Claim 2 addresses the California UNRUH ACT:
This is a California law that basically brings all California access code violations up to the same level of penalty as an ADA civil rights violation.
1) California Civil Code 51 which states that all persons in this state are entitled to full and equal accommodations, advantages, facilities, privileges, or services in all business establishments of every kind whatsoever.
2) California Civil Code 51.5 that no business establishment of any kind shall discriminate against any person in this state because of the disability of the person.
3) California Civil Code 51(f) specifically incorporates (by reference) an individual’s rights under the ADA into the Unruh Act.
4) Defendants’ aforementioned acts and omissions denied the physically disabled public full and equal accommodations, advantages, facilities, privileges and services in a business establishment (because of their physical disability)
5) These acts and omissions (including the ones that violate the ADA) denied, aided or incited, or discriminated against plaintiff by violating the Unruh Act.
6) Plaintiff was damaged by Defendant’s wrongful conduct, and seeks statutory minimum damages of four thousand dollars ($4,000) for each offense.
7) Plaintiff also seeks to enjoin Defendant’s from violating the Unruh Act (and ADA), and recover reasonable attorneys’ fees and costs incurred under California Civil Code 52(a).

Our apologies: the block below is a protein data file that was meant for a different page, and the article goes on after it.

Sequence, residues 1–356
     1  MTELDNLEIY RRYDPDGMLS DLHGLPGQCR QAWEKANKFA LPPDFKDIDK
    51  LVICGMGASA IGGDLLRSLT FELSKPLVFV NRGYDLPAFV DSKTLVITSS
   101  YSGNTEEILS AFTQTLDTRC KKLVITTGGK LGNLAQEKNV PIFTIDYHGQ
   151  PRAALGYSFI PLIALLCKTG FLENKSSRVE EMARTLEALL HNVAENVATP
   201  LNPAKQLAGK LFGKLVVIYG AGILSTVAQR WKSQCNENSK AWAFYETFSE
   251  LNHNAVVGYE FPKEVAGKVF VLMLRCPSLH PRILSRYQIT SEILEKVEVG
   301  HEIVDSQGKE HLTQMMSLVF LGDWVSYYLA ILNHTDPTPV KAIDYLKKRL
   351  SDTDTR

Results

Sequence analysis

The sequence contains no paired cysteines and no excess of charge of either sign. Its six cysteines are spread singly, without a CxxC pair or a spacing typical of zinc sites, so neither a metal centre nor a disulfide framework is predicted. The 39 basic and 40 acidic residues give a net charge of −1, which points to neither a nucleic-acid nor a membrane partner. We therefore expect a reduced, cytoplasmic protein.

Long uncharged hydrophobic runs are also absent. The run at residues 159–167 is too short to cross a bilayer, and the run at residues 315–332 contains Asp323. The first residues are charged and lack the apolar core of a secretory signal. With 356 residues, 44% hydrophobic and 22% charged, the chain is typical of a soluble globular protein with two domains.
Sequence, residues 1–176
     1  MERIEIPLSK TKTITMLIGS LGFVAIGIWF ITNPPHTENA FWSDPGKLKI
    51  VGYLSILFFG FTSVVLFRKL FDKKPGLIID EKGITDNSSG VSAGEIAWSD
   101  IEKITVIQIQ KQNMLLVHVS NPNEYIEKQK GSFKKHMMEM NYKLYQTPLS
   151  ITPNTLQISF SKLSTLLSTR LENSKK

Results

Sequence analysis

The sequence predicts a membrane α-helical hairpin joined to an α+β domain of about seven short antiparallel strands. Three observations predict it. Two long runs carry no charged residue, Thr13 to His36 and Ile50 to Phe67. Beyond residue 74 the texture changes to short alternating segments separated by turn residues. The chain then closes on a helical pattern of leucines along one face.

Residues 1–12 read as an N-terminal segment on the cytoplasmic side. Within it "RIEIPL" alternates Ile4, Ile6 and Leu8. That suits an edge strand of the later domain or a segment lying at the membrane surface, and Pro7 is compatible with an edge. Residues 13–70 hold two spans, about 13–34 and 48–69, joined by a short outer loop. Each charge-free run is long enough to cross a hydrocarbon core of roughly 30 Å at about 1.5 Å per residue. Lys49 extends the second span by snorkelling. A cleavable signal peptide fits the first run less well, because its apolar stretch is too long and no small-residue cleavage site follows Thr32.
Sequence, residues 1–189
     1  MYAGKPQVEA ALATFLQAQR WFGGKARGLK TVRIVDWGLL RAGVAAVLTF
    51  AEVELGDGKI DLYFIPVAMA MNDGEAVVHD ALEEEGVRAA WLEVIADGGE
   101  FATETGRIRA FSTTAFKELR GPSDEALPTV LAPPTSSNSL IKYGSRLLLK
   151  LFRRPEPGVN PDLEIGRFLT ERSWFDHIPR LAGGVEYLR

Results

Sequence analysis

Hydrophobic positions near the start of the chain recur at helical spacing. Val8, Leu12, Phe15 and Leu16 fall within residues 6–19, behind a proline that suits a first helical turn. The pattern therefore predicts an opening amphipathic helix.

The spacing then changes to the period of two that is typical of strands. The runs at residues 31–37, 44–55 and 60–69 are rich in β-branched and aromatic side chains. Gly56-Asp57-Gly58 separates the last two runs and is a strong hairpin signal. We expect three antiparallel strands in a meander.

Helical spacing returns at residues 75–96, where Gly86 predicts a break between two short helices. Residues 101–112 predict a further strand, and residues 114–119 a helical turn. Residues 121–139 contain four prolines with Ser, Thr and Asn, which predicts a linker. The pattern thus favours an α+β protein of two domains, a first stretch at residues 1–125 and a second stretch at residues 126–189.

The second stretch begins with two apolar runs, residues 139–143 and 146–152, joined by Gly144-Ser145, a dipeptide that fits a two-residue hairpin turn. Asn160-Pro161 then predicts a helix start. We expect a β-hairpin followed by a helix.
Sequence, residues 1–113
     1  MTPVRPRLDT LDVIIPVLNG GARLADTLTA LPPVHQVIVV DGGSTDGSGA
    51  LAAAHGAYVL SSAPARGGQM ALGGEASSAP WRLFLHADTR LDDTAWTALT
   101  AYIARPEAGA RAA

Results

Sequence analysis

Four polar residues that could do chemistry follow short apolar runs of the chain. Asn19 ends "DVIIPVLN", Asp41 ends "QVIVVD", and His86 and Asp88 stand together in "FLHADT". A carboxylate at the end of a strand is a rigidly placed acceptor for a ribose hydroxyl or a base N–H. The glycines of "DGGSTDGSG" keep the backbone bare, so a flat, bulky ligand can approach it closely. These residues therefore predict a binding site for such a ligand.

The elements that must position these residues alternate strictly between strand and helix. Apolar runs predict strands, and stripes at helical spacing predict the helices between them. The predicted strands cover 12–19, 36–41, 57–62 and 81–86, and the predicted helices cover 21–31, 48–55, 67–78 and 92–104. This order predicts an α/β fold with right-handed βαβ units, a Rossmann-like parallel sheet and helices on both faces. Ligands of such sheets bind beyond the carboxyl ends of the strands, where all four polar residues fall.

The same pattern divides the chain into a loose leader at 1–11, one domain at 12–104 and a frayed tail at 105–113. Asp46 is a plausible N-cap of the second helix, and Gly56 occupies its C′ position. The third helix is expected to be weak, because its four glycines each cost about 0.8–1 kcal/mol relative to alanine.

This is where it gets even better. Not!!
Denial of full and equal access to public facilities:
1) Plaintiff incorporates the allegations contained in Claim 1 and 2 for this claim.
2) Health & Safety Code 19955(a) states, in part, that: California public accommodations or facilities (built with private funds) shall adhere to the provisions of government code 4450.
3) Health & Safety Code 19959 states, in part, that: Every existing (non-exempt) public accommodation constructed prior to July 1st, 1970, which is altered or structurally repaired, is required to comply with this chapter.
4) Plaintiff alleges the facility is a public accommodation constructed, altered, or repaired in a manner that violates part 5.5 of the Health and Safety Code or Government Code 4450 (or both), and that the facility was not exempt under Health & Safety Code 19956.
5) Defendants’ non-compliance with these requirements at the facility aggrieved (or potentially aggrieved) Plaintiff and other persons with physical disabilities. Accordingly, Plaintiff seeks injunctive relief and attorney fees pursuant to Health & Safety Code 19953
Prayer For Relief
WHEREFORE, Plaintiff prays judgment against defendants, and each of them, for:
1) Injunctive relief, preventive relief, or any other relief the Court deems proper.
2) Declaratory relief that the defendants violated the ADA for the purposes of the Unruh Act damages.